At a recent board meeting, members of the group Falmouth Parents for Thoughtful Technology advocated for more restrictive policies around cell phone use in schools. The group is calling for a nationwide ban on cellphones in schools and urging parents to sign a pledge that would allow them to wait to provide smartphones to their children until after eighth grade. A similar initiative is taking place in Scarborough.

Cronan said the move toward more restrictive policies would necessitate a “collective community shift” in Falmouth’s culture toward personal technology use in schools.

“COVID has made them kind of essential parts of our process,” she said. “Now we have to look at ‘where can we take them out of our day?’



Robert “Bob” Kline has a professional background in the field of employment law, school and construction law. In 2023, he earned a certificate in construction technology from Southern Maine Community College. He is the parent of a former Falmouth student.

In an emailed statement to the Northern Forecaster, Kline identified three key challenges facing Falmouth schools: declining school enrollments, employer demand for trade workers (as opposed to “knowledge workers”), and “opposition to climbing local property taxes.”

School department data shows enrollment fell from 2,127 in fiscal year 2019 to a projected 1,956 for fiscal year 2025.

During the candidate forum, he said he would like to see the school board take a more active leadership role, rather than a more “advisory role.”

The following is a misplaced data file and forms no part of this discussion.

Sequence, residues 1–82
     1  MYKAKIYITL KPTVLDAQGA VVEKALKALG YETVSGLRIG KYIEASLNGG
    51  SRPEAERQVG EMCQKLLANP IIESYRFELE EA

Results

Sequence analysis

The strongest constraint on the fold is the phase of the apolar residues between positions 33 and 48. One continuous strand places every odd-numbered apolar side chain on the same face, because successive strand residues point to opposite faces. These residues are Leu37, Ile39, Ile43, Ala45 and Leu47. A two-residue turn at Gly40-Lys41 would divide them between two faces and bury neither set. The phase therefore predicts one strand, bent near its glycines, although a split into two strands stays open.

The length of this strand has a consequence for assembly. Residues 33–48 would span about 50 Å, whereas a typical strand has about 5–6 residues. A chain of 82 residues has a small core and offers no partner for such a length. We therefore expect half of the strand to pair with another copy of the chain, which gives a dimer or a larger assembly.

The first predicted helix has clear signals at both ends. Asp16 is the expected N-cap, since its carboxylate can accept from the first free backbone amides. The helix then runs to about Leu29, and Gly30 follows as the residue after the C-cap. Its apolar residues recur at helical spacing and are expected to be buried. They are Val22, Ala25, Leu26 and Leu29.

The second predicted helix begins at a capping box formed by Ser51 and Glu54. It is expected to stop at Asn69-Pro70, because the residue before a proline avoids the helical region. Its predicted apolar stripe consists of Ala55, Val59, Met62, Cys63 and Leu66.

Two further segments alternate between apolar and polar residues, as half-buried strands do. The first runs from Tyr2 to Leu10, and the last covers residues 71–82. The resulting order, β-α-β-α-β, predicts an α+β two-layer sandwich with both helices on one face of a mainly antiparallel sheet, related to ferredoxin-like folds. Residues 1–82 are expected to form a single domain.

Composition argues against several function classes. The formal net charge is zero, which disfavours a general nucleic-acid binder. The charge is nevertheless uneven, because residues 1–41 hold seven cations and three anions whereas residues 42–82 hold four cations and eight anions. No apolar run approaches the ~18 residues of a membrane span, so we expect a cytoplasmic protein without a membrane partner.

When answering a question about how he would approach controversial issues in governance, Kline said he is guided by three principles: “know who you work for,” communicate transparently and honestly, and “talk the talk.”

As part of his response he brought the Falmouth Education Association – the union representing teachers, librarians, nurses and school counselorswhich he said “violated the construct of good faith” during contract negotiations last year. He said he disagreed with the way the school board responded to the incident.

In terms of education priorities he wants the board to pursue, he said he would like to see more opportunities for hands-on learning and tech-oriented education.

When it comes to diversity, equity and inclusion, Kline said he supports DEI initiatives in businesses and schools, but has “sometimes questioned the cost of DEI and the effectiveness of DEI.” He said he has surveyed school leadership about how they measure the effectiveness of DEI efforts. He said the chief inspector’s response was “not responsive.”

He was also dissatisfied with leadership’s response when he asked why the district is spending more per student compared to Cumberland-North Yarmouth and Cape Elizabeth.

Kline indicated he would support a cell phone ban for Falmouth schools.



Tiffany Skillings is the clinical director of a midwifery program where she focuses on policy development. She has one child in Falmouth schools.

Increasing public participation in school board meetings, elevating student voices and supporting teachers through professional development are among her broad goals she mentioned at the forum.